A police officer tries to control the crowd waiting for the AstraZeneca vaccine at SAPA yesterday.

The first day of the Canada-donated AstraZeneca vaccine rollout yesterday saw scores of people seeking the vaccine for various reasons, including for travel purposes, but it was not without issues.

The rollout flow at the Southern Academy for Performing Arts was temporarily disrupted by the police due to concerns that there was no social distancing, while some people complained that it was disorganised. The mass vaccination sites throughout the country catered for people seeking the AstraZeneca vaccines and the second dose of the Sinopharm.

In a TTPS release yesterday, Police Commissioner Gary Griffith said the police did not shut down the vaccination drive at SAPA. Rather, he said due to the large number of persons expected for appointments and walk-ins, as well as the inclement weather, people had to break their lines to seek shelter. He said the organisers had catered for 1,000 people at the site. Noting that the police were assigned to monitor the event, he said because of the rain, operations at SAPA were disrupted for a short while. He gave the assurance that the police will be out today when more people are expected.

However, shortly before 9.30 am, an officer expressed concern to the organisers that there was no social distancing where people were being registered.

Before this occurred, however, Nirvana Deonarine said she had no problem booking the online appointment.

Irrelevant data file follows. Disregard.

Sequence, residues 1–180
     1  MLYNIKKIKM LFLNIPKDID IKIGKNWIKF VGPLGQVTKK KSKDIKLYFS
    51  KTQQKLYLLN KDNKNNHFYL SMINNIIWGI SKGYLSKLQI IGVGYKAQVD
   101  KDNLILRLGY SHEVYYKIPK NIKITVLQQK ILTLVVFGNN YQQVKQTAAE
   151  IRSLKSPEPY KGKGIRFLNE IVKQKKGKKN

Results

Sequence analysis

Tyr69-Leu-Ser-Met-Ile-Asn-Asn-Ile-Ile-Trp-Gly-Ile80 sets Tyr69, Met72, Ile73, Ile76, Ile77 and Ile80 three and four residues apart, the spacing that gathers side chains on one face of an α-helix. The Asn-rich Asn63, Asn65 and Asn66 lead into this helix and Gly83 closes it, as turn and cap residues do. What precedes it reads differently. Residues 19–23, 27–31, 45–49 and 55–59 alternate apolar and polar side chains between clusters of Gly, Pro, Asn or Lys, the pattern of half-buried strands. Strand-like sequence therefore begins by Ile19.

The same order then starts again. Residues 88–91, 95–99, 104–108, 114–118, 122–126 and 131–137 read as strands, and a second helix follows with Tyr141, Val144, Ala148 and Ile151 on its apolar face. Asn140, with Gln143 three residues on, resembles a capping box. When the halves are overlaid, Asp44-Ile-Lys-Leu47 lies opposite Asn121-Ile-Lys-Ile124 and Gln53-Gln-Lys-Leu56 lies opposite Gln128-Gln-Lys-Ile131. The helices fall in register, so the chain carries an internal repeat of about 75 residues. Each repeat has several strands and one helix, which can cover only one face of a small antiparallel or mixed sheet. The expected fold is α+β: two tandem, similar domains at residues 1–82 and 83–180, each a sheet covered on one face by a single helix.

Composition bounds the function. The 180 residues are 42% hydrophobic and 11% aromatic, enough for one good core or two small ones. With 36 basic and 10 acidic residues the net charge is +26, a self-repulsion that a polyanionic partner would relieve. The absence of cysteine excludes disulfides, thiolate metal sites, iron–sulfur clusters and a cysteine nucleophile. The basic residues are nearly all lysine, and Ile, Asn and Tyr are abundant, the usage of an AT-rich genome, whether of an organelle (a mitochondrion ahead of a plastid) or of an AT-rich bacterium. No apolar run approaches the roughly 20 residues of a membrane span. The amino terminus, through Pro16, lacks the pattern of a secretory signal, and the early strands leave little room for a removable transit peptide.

“But, coming here with the amount of persons and stuff, I think things could have been better at the venue.”

Deonarine said she chose to take the AstraZeneca vaccine for travel purposes and because it is more recognised in other countries.

Dulalchan Chattergoon, who came for the second dose of the Sinopharm, was not pleased with the system. He suggested that the building be opened to accommodate people waiting to receive their vaccines.

“The police tell we line up on the side here but the rain still beating we…” he explained.

Chattergoon decided to leave and return another day.

Meanwhile, Andrea Berger-Rampersad said she took the AstraZeneca because she wanted to attend university in Canada.

At NAPA in Port-of-Spain, where there were seating accommodations, a woman who gave her name as Catherine said she was taking the AstraZeneca because she wants to visit her children in Canada. She had been waiting for either this vaccine or the Pfizer vaccine to arrive in the country.

“Because I want to see my kids again,” she said.

Another person at NAPA said he did his research and felt AstraZeneca was better suited for him because he is a diabetic.

At the vaccination site at the Queen’s Park Savannah, a man who gave his name as Thomas said his main reason for taking the AstraZeneca vaccine was for travel purposes.

“I don’t want to have a stopgap. What we understand overseas is that some countries say that you can’t really come with Sinopharm. I not sure at the end of the day how that will play out but I just decided I will take the Astra.”

At the National Racquet Centre in Tacarigua, some people were not happy with their experience when they first arrived at the site. Speaking with Guardian Media as she was leaving, Stacy Lackyle said, “When you reach inside it is organised but outside it is very disorganised because they have you sitting in your car waiting and then people just coming in and going in and they don’t really have a system in place. But from the time you get on the inside everything is smooth sailing.”

She took the vaccine because of her health issues and for travelling purposes.

Attempts to obtain the number of people vaccinated at various mass vaccination sites from the various regional health authorities were unsuccessful.